Evaluation of library websites began as early as 1994, when the internet and World Wide Web were in their infancy. Empirical studies are available on websites which may not be related to libraries, but these studies are informative on what questions to ask and the frameworks needed to move forward with the current study (Cao, Zhang & Seydel, 2005; Chua & Goh, 2010; Teo, et al., 2003). However, the majority of the literature available on libraries is in the academic library sphere, and while what academic libraries evaluate for websites has merit for public libraries, their stakeholders have a different focus. The academic focus is on curriculum; the public library is on lifelong learning and leisure.
Evaluating a website and assessing its quality is in large part evaluating its usability. According to Poll (2007), “contents, language, structure, design, navigation, and accessibility” of websites are key areas of focus for libraries (p. 1). Determining what usability is can be different for each member of the community. Past research based on users’ acceptance of a particular system has shown that usability is based upon the way the site functions or works (Goodwin, 1987; Wang & Senecal, 2007).
Usability has been defined as ‘how well and how easily a visitor, without formal training, can interact with an information system of a website’ (Benbunan-Fich, 2001, p. 151). According to Nielsen (2012) usability is defined by looking at it as a ‘quality attribute that assesses how easy user interfaces are to use’ (para. 3). Nielsen (2012) goes on to discuss that usability refers to the methods used for improving the ease of use during the design process. He further defines this as the five quality components of ‘learnability, efficiency, memorability, errors, and satisfaction’ (Nielsen, 2012, para. 4). Implementing Nielsen’s (2012) usability heuristics will make any website better.
Jakob Nielsen (1996) proposed very simple suggestions for user-centered design guidelines that he called “usability heuristics” (p. 34). Nielsen’s suggestions were to “make screens simple and natural, speak the users’ language, be consistent, provide feedback, use plain language for error messages, prevent errors, and provide clearly marked exits” (Nielsen, 1996, p. 34). None of Nielsen’s suggestions are difficult to envision when being considered within a library framework. These suggestions are ones that can make a library website move from a hard to navigate site, to an easy one that users will want to come back to visit. If a website is difficult to navigate users will leave and not return (Nielsen, 2012). For a public library, this is to be avoided, as return visitors indicate that the e-branch of the library is also a valued branch.
One aspect of good user-centered design is finding out what the community wants and expects on the web page. It is important to remember that the website is for the users not the library staff (Goodman & Schofield, 2015). Library literature underscored the importance of usability testing and having an iterative process during the design phase (Becker & Yannotta, 2013; Dominguez, Hammill, & Brillat, 2015). If a library is redesigning their website, there are many different methods that can be used to go about this. Becker and Yannotta (2015) in their project at Hunter College Libraries used an iterative usability testing process to improve their website. Dominguez et al. (2015) used a Think-Aloud Protocol during usability testing, focus groups, and card sorting during their many phases of website design from 2001 through 2012. Both Becker and Yannotta and Dominguez et al. used many of the processes that Nielsen (1996, 2012) suggests in carrying out user-centered design in order to get the best accessibility for the website.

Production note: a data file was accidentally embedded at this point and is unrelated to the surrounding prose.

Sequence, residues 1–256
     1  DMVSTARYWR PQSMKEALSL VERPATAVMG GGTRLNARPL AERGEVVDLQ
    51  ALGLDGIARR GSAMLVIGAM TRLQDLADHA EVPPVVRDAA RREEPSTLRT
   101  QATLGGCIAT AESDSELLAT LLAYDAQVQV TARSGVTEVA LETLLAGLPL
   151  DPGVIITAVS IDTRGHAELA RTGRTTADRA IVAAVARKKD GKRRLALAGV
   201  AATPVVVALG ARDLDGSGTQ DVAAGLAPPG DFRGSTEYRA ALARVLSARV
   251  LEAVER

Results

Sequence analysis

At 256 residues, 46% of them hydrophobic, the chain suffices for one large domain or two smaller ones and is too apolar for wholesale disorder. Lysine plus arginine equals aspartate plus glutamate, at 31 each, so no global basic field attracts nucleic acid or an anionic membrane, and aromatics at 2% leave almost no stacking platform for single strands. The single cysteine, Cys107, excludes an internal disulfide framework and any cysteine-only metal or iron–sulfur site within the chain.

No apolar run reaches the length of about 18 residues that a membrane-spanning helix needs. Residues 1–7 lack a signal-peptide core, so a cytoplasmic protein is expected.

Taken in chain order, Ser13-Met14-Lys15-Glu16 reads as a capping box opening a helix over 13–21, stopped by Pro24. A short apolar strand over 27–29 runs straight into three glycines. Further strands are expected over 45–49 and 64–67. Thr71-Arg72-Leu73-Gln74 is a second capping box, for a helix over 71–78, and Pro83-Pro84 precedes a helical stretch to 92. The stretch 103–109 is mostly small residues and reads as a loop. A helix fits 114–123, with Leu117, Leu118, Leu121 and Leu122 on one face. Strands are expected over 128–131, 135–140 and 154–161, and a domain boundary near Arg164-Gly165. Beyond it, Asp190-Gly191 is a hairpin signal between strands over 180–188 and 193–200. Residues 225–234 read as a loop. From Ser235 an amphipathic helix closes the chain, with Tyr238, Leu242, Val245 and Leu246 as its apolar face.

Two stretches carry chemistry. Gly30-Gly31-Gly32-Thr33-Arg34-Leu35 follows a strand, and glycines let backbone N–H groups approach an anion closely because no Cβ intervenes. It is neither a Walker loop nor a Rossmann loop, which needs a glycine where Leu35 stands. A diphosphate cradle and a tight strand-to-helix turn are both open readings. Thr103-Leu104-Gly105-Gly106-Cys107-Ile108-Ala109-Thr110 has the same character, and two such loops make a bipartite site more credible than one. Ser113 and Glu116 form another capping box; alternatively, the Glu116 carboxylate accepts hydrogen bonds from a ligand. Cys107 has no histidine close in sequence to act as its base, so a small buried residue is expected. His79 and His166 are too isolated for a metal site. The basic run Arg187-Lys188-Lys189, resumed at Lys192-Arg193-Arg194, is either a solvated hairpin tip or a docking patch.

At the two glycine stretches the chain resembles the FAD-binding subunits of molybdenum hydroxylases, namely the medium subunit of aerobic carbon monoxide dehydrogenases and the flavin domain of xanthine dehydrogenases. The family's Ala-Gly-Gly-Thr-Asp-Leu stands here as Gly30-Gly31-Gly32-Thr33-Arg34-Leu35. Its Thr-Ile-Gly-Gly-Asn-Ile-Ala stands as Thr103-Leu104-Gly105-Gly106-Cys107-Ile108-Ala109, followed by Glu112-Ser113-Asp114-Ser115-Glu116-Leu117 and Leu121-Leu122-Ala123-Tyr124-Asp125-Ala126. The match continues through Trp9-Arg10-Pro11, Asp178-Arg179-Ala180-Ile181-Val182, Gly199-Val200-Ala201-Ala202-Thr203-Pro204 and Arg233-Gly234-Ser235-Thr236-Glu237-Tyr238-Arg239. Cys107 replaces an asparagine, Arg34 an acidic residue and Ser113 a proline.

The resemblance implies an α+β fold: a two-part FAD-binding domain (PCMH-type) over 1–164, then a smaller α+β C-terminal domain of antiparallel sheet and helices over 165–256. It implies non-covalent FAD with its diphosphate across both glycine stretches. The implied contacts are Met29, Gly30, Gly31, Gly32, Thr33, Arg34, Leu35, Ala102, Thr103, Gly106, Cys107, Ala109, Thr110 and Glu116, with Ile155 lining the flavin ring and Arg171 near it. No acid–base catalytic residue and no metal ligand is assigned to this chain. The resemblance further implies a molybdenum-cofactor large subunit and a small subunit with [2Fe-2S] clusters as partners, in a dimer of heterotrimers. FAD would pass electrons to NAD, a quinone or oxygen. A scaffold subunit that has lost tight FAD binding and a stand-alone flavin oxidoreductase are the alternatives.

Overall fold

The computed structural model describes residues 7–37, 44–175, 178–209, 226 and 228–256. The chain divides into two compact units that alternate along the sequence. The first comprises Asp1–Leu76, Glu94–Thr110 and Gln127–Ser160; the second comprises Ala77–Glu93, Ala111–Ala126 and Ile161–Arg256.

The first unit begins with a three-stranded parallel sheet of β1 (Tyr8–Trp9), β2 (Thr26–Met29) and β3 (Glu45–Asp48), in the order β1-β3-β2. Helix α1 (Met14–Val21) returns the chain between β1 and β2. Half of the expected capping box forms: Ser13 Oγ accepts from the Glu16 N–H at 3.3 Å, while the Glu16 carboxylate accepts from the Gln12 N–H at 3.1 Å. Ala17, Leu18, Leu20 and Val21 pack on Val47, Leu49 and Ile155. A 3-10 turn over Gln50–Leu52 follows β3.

The project methodology partially replicates Powers’ (2011) study in Pennsylvania where a random sample of public library websites were evaluated and assessed against 18 specific criteria. Powers used 10 basic elements based upon another study done in Idaho that determined what basic elements a public library website should have (Persichini, Samuelson & Zeiter, 2008; Powers, 2011). The remaining eight criteria were based upon an article Brian Matthews (2009; Powers, 2011) wrote for the Library Journal that is considered desirable for library websites. Powers (2011) put the two sets of criteria together and used it in a spreadsheet protocol to assess the sample of Pennsylvania websites by answering either yes or no for each criterion. Powers broke the two sets of criteria into basic or desirable (Powers, 2011).
To determine the assessment and evaluation of the websites eight groups of postgraduate students worked over eight semesters on 1342 Australian, Canadian and U.S. public library websites using a pre-determined protocol based upon Bonnie Powers’ 2011 research of Pennsylvania public libraries. Each student was assigned 25 public libraries and required to write a 1500-2000 word literature review on any aspect website usability. This was part of the student capstone project course under supervision of the lecturer in charge of the course.
The paper will present three phases of Australian, three phases of Canadian, and two phases of U.S. results from March 2013 to June 2016.
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